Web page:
High Tech, Low Pay: Let the Workers Behind Our Electronics Be Heard

Apple may be reporting record company sales in 2011, but one thing the company is not making noise about are the details surrounding a string of recent tragedies at the Chinese factory where so much of Apple's current success story is based.
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Apple may be reporting record company sales in 2011, but one thing the company is not making noise about are the details surrounding a string of recent tragedies at the Chinese factory where so much of Apple's current success story is based. The explosion in May at the Foxconn plant in the city of Chengdu in Southwestern China -- where Apple's highly coveted iPad 2 is produced -- has reignited concerns among corporate accountability activists. That explosion, which killed three workers and injured 16 others, urges us to ask once again: who are the people behind our beloved hi-tech products? And how can we "lean back" with our shiny new information devices while these electronic sweatshop workers are treated as disposable as last year's iPhone?

China's electronics industry exports approximately US $424 billion worth of electronics annually, supplying brand-name companies such as Apple, Dell, and Sony. The millions who work these factories receive wages too miniscule to ever be able to achieve an adequate standard of living. Most are also forced to work in dangerous conditions, enduring long hours and restrictions on their personal freedoms that violate fundamental international labor standards.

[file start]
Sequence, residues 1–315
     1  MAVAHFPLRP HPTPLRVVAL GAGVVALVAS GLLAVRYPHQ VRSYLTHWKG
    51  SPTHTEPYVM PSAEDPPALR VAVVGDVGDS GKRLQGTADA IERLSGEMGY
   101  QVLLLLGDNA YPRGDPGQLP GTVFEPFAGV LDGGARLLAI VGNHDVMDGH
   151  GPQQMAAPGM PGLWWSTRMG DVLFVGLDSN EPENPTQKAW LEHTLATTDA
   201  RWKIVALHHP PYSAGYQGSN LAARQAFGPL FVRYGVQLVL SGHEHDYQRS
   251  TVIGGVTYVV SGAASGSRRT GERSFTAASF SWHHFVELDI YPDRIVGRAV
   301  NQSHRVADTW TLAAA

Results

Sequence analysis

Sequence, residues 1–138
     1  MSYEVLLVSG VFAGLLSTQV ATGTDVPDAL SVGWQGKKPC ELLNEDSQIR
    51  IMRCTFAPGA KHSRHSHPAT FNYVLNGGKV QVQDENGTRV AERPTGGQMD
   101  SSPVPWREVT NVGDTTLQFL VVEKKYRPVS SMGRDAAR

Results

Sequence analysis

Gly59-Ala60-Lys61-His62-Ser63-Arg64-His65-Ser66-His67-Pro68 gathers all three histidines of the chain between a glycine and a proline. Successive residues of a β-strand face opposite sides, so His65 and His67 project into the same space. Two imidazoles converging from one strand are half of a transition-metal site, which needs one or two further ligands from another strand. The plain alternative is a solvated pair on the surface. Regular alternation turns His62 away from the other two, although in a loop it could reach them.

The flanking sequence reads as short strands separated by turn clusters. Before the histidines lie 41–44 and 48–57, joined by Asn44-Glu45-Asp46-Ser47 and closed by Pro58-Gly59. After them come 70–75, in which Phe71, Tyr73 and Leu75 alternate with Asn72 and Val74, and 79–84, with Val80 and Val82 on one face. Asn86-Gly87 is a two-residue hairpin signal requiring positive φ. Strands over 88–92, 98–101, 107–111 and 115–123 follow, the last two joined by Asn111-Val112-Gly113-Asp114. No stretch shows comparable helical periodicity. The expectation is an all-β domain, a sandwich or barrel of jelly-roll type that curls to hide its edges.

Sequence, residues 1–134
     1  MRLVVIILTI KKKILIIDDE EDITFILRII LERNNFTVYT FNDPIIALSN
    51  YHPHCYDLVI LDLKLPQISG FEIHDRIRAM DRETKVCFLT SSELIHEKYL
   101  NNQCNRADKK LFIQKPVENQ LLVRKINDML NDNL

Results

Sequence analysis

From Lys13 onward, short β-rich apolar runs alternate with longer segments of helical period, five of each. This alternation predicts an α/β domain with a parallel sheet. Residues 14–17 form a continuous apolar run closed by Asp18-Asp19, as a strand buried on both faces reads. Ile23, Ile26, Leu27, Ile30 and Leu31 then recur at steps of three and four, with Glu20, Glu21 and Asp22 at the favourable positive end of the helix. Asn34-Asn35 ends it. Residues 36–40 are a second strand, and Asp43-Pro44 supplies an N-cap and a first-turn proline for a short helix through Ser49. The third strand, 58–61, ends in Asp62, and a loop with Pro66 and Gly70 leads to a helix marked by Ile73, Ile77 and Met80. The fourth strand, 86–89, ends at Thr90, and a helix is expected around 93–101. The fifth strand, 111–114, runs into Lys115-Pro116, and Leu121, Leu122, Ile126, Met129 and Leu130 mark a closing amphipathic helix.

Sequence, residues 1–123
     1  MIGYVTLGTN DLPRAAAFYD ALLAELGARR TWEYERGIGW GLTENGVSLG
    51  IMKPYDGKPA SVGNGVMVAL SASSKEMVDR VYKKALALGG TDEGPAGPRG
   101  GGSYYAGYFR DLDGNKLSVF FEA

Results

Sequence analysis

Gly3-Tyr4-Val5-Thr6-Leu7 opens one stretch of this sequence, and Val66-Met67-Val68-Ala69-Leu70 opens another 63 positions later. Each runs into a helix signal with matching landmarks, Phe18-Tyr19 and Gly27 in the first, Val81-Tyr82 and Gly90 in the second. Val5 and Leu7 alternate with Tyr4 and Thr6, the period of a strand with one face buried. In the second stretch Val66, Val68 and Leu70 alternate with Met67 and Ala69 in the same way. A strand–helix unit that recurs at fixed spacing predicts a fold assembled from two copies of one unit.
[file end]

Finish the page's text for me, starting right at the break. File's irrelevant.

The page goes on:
The explosion this year was far from an isolated incident. In 2010, at least 12 Foxconn workers took their own lives, many by leaping from the top of one of Foxconn's so-called "campus" buildings. Although this spate of suicides did prompt Foxconn to raise pay for workers, install safety nets, and hire mental health counselors, the corporate accountability organization Students and Scholars Against Corporate Misbehavior (SACOM) has found that the brutal working conditions continue and that the so-called increase in pay remains "far from a living wage."

The May 2011 report by SACOM found that while Foxconn workers labor an average of 174 regular hours each month, they also clock some 80 to 100 hours of overtime, without meal breaks--far above China's overtime legal limit of 36 hours. As for wages, workers in the Chengdu factory make an average of 1300 Yuan ($200.80). SACOM estimates that the cost of living in Chengdu is double that amount, or approximately 2600 Yuan ($401.62).

It is time for these workers--like so many individuals and communities around the world whose human rights are routinely abused in the name of corporate profit--to finally have their voices heard.